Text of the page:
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Communication and Media Studies, e-Research, Historical Studies, Humanities

Participating in the Past

25.03.08 | Comment?

The profile of oral history research has grown dramatically over the past two decades. One of the reasons for this is that there has been a diversification of modes of public access and delivery. The increasing use of digital media means that oral histories are now reaching far greater audiences, and these histories are being presented in more direct, more stimulating and richer ways than have before been possible. In fact, the digital revolution is rapidly transforming history as a genre and set of practices, and oral history is a key player in this process.[1] Because oral histories lend themselves to digital forms of delivery much more readily than conventional, text-only, representations of history, oral history has come to be a central focus for digital history researchers. While it is clear that historical representation is undergoing changes as a result of the new challenges and opportunities presented by the digital environment, as yet it is less clear what the implications are for history as a discipline and as a set of practices.

This essay begins to address some of these issues by focusing on oral history projects and drawing upon specific examples to provide a basis for reflecting on how the digital domain is enabling a remarkable transformation in this field of history, not only in terms of its practices, but also in terms of its reception and its power. I suggest that the new digital media are liberating oral history (once only available in the form of audio tapes or text transcriptions and accessible only to specialists or persistent enthusiasts) by bringing it into the everyday world where it can be heard, questioned, freely interpreted and freely shared. Most importantly, in what amounts to an unprecedented democratisation of history, the digital media have begun to release history from the controlling hand of the single authorial point of view and have made everyone a potential contributor to an ongoing process of shaping and reshaping history. At the heart of this digitally driven shift is a change in the role and status of the individual story and, alongside it, of the personal things (photos, mementos, fragments, ephemera), the little things, that make up a life. This is, one could say, a multiple shift across many facets: from objective narrative to subjective story, from big to small, from wholeness to fragmentariness, from the printed word to voice and image, from linearity to rupture, and all this implies—a shift from closure to openness.[2]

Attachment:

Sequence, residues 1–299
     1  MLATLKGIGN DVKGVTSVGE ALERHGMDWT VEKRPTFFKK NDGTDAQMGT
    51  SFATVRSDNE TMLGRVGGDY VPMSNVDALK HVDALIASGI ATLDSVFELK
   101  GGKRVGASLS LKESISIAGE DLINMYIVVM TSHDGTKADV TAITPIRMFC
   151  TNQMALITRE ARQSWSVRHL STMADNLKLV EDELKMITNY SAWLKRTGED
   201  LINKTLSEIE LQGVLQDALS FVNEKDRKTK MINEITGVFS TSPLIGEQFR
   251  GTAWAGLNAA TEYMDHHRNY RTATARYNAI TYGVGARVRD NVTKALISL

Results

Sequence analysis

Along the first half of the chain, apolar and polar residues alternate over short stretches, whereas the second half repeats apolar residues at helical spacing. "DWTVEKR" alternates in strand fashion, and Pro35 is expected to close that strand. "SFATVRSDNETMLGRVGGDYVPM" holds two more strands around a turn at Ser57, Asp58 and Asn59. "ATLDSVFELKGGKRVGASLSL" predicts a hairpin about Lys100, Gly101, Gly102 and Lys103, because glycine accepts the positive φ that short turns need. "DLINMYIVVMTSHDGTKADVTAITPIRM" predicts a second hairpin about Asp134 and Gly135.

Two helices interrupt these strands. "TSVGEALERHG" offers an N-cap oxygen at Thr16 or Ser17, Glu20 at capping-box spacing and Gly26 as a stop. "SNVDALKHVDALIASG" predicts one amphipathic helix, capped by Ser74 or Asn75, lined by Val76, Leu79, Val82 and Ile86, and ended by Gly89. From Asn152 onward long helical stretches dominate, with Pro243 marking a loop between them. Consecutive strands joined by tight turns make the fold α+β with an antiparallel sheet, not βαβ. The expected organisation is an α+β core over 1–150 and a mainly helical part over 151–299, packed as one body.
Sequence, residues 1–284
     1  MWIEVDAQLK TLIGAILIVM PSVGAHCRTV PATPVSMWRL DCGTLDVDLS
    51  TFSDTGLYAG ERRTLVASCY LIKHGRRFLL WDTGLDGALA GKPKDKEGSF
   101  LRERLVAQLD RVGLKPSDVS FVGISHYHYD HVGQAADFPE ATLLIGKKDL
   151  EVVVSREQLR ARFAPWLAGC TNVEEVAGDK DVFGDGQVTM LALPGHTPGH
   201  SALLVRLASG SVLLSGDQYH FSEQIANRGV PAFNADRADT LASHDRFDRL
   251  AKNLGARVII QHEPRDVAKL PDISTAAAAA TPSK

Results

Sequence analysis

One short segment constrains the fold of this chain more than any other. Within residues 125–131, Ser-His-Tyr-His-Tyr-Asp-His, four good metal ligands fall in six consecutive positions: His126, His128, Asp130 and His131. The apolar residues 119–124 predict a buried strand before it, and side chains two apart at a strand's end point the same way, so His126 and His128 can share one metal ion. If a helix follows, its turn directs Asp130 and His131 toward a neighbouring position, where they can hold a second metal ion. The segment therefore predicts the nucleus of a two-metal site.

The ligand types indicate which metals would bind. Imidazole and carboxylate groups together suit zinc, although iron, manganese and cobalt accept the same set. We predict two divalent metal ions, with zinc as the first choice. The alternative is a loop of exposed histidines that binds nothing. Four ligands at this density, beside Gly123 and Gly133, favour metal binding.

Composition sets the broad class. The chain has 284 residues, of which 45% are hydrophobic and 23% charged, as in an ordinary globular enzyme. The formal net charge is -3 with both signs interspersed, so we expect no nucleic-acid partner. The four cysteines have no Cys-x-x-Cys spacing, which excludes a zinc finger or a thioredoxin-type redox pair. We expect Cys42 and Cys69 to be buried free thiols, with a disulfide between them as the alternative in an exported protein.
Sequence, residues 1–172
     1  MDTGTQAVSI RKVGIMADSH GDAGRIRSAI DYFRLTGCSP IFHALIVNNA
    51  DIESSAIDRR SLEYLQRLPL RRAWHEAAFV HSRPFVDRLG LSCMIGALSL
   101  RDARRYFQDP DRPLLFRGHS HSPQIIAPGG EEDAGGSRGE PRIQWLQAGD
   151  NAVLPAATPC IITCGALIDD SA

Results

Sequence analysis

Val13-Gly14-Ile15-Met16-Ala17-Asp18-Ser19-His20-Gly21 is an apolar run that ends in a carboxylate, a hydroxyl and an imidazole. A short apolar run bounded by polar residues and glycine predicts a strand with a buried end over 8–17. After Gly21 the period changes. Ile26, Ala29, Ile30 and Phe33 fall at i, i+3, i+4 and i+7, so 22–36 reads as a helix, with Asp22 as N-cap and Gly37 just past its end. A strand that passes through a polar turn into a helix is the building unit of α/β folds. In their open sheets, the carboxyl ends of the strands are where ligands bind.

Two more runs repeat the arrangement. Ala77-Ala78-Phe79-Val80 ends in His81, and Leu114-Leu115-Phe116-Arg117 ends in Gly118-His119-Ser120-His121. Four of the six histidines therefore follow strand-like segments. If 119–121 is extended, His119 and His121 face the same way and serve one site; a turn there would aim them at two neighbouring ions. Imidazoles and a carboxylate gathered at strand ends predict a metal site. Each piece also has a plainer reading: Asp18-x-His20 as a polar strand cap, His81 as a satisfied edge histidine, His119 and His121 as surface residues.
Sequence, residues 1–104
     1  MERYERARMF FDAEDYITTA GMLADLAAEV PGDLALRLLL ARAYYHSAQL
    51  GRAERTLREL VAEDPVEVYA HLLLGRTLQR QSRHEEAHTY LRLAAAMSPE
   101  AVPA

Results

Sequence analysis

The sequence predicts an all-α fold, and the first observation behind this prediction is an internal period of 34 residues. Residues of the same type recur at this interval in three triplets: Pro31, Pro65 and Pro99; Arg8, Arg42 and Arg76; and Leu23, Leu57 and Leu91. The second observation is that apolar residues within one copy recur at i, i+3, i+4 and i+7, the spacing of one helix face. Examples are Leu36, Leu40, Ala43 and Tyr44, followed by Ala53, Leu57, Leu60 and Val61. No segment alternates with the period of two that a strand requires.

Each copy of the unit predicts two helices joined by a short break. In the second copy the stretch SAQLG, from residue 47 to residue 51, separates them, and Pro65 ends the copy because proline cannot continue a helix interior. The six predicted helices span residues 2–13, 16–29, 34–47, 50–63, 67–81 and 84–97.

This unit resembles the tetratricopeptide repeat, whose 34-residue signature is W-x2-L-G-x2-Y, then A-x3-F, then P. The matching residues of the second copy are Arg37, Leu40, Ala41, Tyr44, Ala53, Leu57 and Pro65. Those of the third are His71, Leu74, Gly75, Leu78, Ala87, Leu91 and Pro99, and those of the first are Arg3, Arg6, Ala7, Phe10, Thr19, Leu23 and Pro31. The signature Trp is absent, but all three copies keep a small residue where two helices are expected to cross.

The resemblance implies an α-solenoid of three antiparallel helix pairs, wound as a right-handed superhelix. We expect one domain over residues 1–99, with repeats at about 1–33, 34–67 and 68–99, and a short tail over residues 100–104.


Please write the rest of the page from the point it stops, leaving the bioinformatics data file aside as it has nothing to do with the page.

This is not to say that historians have not valued these facets as much in the past. There were simply not the means, nor the space, in the pre-digital world to accommodate and organise the wealth of material that can now be stored so easily and accessed instantly from almost anywhere on the planet. However welcome and positive this development may be, there are many new skills to learn and practical and technical issues to confront and manage. In addition, the digital environment brings its own constraints and dangers. The following discussion will touch on matters such as the provision of funding for oral history research, the problems of maintaining and updating digital histories, and the special demands of interdisciplinary collaboration in Australia, especially between historians (as content providers) and multimedia designers and producers.

[extract]

Arthur, Paul Longley. “Participating in the Past: Recording Lives in Digital Environments,” in “History Experiments,” ed. John Frow and Katrina Schlunke, special issue, Cultural Studies Review 14, no. 1 (2008): 187–202.

[1] Michael Frisch refers to this change in terms of the emergence of a ‘post-documentary sensibility’ and comments that the ‘new digital tools and the rich landscapes of practice they define may become powerful resources … to open new dimensions for understanding and engagement through the broadly inclusive sharing and interrogation of memory’, Michael Frisch, ‘Oral History and the Digital Revolution: Towards a Post-Documentary Sensibility’, in Robert Perks and Alistair Thomson (eds), The Oral History Reader, second edn, Routledge, London and New York, 2006, p. 8.

[2] This constitutes a belated shift to postmodern and postcolonial principles, facilitated by the new technologies.

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